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Steel & Tube lifts annual net profit threefold

Steel & Tube lifts annual net profit threefold

Aug. 11 (BusinessDesk) – Steel & Tube Holdings' annual profit jumped three-fold from last year's recession hit result but the company still describes market conditions in most areas as ‘difficult.’

It says business has been slow in the last couple of months but the economy is starting to show encouraging signs of the recovery gathering momentum.

Net profit for the year ended June 30 rose to $17 million from $5.7 million the previous year but is still well shy of the $26.1 million in earned in 2008/09.

The company said total domestic demand for steel rose 4% during the 12 months ended June but is still 20% to 25% below the highs of three years ago.

The result was helped by a small one-off tax expense of $289,000 compared with a similar expense last year of $4.2 million, both related to tax changes in the government’s 2010 budget.

Earnings before interest and tax (EBIT) rose 65% to $26.3 million while interest costs fell about $0.5 million due to lower interest rate and reduced debt.

“The economic environment was slow and subdued, in line with the company expectations outlined in last year's outlook statement with little upside from a trading perspective,” the company said.

As well, the Christchurch earthquakes “required significant time and resources to assist staff through a challenging and traumatic period.” Steel & Tube has 120 staff and six facilities in Christchurch which came through the quakes relatively unscathed. One employee lost his partner and many others have suffered damage to their homes, the company said.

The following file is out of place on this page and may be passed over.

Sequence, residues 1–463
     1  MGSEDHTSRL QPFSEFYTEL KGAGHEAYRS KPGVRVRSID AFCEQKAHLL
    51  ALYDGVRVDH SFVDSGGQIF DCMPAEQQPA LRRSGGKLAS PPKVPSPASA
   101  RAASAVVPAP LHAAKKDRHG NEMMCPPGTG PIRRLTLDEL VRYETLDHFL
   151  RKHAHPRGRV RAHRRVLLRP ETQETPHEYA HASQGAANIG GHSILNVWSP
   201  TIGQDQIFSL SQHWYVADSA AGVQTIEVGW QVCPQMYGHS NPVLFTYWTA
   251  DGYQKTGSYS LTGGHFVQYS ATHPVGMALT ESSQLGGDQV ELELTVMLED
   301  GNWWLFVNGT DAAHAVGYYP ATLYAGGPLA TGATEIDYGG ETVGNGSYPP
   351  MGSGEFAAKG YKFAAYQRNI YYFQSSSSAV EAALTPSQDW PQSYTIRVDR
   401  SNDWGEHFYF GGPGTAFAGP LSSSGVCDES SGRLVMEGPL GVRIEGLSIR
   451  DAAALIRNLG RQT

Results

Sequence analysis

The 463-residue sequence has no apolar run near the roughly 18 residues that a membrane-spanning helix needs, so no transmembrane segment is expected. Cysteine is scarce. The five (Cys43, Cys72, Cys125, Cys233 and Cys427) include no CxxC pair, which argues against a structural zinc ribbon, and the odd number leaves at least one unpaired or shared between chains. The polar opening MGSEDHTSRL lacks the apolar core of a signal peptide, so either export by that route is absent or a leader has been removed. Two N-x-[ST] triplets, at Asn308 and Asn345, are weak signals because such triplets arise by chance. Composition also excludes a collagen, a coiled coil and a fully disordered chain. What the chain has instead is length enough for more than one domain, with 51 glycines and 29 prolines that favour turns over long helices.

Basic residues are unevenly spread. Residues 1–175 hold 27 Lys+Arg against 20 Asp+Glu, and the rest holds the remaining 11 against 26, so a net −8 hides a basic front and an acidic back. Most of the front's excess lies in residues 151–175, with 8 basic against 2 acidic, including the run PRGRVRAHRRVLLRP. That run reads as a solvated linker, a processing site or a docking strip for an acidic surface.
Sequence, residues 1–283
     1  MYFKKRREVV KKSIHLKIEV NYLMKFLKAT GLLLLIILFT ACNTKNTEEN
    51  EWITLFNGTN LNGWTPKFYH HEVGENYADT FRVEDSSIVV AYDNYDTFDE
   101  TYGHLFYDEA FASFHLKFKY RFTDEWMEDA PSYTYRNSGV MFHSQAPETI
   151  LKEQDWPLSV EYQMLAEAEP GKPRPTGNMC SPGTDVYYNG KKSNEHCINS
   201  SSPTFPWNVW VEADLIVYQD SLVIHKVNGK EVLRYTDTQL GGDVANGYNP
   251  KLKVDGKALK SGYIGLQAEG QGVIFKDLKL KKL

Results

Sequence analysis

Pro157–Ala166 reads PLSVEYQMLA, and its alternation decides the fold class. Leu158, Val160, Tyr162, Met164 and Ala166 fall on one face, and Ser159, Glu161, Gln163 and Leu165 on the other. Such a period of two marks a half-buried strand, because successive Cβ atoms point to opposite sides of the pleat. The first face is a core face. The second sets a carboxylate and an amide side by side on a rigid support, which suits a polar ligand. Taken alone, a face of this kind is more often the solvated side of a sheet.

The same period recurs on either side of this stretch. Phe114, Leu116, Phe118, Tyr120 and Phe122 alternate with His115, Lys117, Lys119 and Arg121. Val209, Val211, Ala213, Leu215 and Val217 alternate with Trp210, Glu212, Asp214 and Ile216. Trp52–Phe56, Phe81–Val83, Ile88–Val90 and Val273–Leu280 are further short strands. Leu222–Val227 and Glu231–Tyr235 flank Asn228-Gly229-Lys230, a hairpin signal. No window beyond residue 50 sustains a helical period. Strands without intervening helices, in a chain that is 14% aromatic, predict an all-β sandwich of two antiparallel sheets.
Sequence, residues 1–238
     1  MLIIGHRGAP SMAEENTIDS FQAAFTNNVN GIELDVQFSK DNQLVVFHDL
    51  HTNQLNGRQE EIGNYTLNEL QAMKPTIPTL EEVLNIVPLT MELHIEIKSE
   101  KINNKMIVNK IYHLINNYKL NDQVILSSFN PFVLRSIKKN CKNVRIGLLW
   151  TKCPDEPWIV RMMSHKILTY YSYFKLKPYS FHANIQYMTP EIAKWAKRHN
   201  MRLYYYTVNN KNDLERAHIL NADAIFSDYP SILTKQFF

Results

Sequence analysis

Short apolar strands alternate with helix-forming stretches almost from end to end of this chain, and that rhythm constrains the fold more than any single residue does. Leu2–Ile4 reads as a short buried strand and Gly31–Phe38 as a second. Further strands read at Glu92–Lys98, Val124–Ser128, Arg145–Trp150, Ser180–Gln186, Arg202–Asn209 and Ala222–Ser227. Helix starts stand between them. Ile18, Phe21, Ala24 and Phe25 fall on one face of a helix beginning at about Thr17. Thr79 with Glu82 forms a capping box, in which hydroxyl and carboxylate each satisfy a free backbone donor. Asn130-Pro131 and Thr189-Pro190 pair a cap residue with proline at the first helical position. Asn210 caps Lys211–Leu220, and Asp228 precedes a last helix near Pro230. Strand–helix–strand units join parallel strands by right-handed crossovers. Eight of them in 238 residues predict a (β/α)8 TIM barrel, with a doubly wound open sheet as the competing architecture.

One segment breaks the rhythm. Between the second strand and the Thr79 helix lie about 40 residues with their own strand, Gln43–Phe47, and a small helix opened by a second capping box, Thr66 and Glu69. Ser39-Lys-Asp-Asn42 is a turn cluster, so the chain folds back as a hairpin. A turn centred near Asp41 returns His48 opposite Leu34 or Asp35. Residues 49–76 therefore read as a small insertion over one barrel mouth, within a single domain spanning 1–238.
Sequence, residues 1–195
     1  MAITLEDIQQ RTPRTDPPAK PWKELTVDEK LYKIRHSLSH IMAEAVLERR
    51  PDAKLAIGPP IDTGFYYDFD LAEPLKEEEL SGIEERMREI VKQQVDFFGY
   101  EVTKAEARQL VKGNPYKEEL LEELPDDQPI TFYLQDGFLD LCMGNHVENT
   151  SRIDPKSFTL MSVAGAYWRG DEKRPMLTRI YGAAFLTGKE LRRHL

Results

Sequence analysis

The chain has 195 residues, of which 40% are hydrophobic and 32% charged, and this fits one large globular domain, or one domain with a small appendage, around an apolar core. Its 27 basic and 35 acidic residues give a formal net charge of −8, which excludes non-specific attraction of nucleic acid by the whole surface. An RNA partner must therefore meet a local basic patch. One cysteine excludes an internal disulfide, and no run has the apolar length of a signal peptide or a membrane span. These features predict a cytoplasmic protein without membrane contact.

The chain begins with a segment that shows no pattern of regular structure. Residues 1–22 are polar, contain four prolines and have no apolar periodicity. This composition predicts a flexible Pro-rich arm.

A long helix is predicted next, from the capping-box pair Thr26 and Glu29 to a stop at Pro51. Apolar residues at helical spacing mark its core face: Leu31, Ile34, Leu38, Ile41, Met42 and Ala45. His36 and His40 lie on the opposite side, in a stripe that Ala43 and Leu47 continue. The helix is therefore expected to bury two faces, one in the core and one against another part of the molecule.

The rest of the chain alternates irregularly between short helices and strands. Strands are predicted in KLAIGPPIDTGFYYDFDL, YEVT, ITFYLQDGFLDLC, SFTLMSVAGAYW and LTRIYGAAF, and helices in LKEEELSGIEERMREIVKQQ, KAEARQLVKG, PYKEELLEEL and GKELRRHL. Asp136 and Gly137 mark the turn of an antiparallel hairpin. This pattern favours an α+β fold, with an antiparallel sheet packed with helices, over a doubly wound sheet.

Although March quarter GDP rose 0.8%, “from the company's perspective several key sectors continued to deteriorate, thereby offsetting those sectors showing signs of recovery.”

The construction sector in particular continued to deteriorate with residential construction at historical lows while non-residential construction consents also fell a further 4% during the year after an 18% reduction the previous year.

Government infrastructure projects generated much-needed work and included rail electrification in Auckland, the Newmarket Viaduct replacement and a further phase of the Victoria Park tunnel while in Christchurch the southern motorway upgrade started.

Construction remains weak and although housing demand in Christchurch will pick up substantially, “the question is when and it may be later rather than sooner, possibly impacting the latter stages of this financial year.”

Recent global events could undermine local sentiment leading to reduced demand for steel, the company said.

Steel & Tube shares rose 4 cents to $2.39 after the results were released. The shares peaked at $2.80 in April and fell as low as $2.18 yesterday. Rob Mercer at Forsyth Barr says the pre-one-offs result was about $1 million above his forecast.

The company will pay a 9 cents-per-share final dividend, up from 5 cents last year, taking the full-year payout to 15 cents from 8.5 cents last year. Mercer says the 75% payout ratio “provides some confidence in its profit outlook.”


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